(E) Division of Responsibility between HMC and its Officers

439. We have already identified the way in which little pressure for modernisation and improvement appears to have been generated from within Ely itself. There were, of course, no members of the HMC with special responsibility for the hospital (see Paragraph 417(a) above). And such machinery as did exist to enable the hospital’s officers to press their case was insufficiently exploited. Why then did pressure for change not come from above, from Group level?

440.Quite apart from the deficiencies discussed in the immediately preceding paragraphs of this Report, there seems to have been some misunderstanding of the division of responsibility between the HMC and its own officers. The Chairman of the HMC told us that as far as his knowledge of the hospital was concerned he had to rely on his Group Secretary to keep him informed. And the matter was presented to us on behalf of the HMC (upon the basis, for example, of Paragraphs 17, 28, and 31 of the Ministry Handbook for Members of Hospital Management Committees (1966)) to the effect that the HMC was dependent upon the advice which it received from its officers and specialist advisory Committees and was responsible for management rather than initia­tion. “It is no part of the duties of the HMC”, we were told, “to try and do executive work themselves; they are not expected to go round ferretting things out unless something is brought to their attention”.

441. This attitude means that when, as here, the relevant Ministry Circulars are not brought to the attention of the HMC and the Medical Staff Advisory Committee initiates no advice upon those Circulars which it does consider (see, for example, HM(65)104 in Paragraph 426 above) and no external inspection of the hospital (see Paragraphs 460-467 below) effectively exists to alert the HMC to any shortcomings, the outcome will be, at best, a policy of “steady as she goes”.

442. This position is quite unacceptable. Yet it can apparently arise from a misunderstanding of the distinction of roles that is made in Paragraphs 28-31 of the Ministry Handbook, quoted in Paragraph 440 above. If the HMC and the officers look to each other to take initiatives and to “give a lead” and neither does so, then it appears easy for a hospital like Ely to continue sailing along a course on which it remains entirely outside the main stream of progress.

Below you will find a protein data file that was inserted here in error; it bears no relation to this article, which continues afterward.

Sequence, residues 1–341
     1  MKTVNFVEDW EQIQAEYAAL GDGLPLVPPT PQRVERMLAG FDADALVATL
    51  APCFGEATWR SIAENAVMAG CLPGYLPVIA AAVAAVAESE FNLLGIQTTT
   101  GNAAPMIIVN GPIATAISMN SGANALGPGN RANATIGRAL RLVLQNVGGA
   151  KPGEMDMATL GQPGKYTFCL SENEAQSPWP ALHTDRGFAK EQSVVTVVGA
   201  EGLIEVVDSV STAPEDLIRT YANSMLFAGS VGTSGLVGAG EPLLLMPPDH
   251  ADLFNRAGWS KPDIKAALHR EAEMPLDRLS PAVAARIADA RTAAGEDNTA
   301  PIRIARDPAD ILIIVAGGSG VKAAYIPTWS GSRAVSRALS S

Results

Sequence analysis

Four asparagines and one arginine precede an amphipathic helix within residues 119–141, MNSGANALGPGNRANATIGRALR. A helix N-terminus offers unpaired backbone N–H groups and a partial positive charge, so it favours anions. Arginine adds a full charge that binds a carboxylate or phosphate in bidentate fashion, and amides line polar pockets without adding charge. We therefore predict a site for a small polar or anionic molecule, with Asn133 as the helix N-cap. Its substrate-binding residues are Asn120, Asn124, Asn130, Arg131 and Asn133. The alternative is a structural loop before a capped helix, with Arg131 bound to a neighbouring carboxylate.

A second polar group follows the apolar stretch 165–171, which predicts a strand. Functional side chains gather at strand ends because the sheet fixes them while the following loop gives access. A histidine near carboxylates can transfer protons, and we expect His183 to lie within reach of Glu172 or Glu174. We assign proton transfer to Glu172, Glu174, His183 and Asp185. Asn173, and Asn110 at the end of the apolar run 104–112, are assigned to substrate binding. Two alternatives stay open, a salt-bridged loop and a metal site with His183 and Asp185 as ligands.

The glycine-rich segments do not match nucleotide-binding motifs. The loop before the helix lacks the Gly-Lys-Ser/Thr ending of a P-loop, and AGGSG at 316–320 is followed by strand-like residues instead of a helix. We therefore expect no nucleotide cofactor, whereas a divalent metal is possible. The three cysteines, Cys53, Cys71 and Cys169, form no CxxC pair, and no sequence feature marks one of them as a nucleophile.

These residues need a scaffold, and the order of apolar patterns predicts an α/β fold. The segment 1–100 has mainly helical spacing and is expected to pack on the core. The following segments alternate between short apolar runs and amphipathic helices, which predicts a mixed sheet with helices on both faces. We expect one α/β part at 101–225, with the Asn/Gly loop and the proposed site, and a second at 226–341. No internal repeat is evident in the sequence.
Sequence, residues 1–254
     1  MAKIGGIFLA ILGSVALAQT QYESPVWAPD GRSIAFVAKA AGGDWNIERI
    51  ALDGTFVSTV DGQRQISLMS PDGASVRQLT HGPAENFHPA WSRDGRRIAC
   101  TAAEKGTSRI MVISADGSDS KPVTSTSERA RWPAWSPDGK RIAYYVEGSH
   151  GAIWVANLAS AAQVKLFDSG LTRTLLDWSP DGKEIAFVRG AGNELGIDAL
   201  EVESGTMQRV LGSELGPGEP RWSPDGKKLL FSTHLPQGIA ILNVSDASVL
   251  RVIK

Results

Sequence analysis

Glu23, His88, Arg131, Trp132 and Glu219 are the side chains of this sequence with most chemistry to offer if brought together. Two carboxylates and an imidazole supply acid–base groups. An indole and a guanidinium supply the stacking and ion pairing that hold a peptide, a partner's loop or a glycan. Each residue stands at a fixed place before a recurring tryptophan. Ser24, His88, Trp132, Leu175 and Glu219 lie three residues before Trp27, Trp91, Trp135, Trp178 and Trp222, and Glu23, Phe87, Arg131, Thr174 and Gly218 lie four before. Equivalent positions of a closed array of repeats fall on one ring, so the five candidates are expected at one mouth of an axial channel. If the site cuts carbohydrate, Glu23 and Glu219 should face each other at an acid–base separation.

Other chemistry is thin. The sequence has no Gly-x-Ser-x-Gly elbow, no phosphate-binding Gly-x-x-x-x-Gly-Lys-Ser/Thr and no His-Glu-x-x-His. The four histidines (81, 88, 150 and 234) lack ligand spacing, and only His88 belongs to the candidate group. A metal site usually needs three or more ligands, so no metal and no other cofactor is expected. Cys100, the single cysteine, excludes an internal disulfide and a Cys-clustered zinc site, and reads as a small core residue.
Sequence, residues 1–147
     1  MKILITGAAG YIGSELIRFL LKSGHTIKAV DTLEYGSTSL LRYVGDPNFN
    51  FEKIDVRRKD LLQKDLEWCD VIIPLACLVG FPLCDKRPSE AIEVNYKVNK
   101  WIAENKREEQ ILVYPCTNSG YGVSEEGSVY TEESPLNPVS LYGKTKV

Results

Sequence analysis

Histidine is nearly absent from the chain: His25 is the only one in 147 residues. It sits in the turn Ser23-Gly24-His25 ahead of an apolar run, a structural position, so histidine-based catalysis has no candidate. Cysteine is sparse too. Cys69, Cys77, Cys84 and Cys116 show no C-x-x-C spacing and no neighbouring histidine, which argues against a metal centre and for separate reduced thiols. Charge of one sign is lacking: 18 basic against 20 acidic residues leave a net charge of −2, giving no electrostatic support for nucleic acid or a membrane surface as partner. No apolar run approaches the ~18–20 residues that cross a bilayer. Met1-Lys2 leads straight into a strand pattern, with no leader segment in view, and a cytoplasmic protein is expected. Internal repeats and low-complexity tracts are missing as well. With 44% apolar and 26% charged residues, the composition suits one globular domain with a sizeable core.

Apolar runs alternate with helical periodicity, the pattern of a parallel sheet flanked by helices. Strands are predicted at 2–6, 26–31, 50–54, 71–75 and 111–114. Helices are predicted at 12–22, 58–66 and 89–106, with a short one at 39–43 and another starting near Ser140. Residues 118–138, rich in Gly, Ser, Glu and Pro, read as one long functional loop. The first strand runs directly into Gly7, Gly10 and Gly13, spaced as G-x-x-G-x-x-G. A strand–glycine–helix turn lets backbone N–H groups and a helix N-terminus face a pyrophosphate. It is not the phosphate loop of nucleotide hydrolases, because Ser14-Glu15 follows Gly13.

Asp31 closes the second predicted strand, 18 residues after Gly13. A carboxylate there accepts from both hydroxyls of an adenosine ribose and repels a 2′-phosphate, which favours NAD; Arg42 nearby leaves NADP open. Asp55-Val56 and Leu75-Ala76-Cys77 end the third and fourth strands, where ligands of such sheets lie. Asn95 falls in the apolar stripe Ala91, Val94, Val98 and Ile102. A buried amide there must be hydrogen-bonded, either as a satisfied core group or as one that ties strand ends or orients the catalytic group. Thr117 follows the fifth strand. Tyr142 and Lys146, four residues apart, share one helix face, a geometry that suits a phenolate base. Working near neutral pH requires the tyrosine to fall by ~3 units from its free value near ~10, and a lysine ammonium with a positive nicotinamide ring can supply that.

443.A substantial part of the responsibility for this state of affairs can, as was suggested to us on behalf of the HMC, be laid at the door of the system within which they work. It is plainly one which can allow responsibility for progress to be accepted by nobody.

444.But the majority of hospitals have not suffered in this way. This must be because their HMCs have been more aware of their responsibility (as suggested in the Ministry Handbook quoted) for “encouraging “, “stimulating ” and ” giving a lead ” towards the achievement of higher standards. We cannot, therefore, resist the conclusion that the HMC responsible for Ely has lacked the necessary enthusiasm or experience or awareness of what can and should be achieved and has failed to adopt a sufficiently dynamic approach to its task.

Composition of HMC

445. In light of the view expressed in the preceding paragraph and of some of the evidence given to us, we feel obliged to undertake some consideration of the composition of the HMC. We do so with some hesitation since we did not, of course, have the opportunity of meeting all its members. And we are very conscious of the fact that they have all accepted an invitation to perform an important public service without reward and without having put themselves forward in any form of election. We do not in the least underestimate their sense of civic responsibility.

446. The facts about the composition of the HMC as at 31st March, 1968 (when there were two vacancies due to death and resignation), are as follows:

Age : Half the membership of the HMC was more than 60 and one quarter more than 70 years old; 3 were in their forties; the average age was 60 years old.

Length of Service :

20 years …………………..1

More than 15 years………2

„ „ 10 „ ……………………4

,, 5 ,, ……………………..3

Less „ 5 „ ………………..6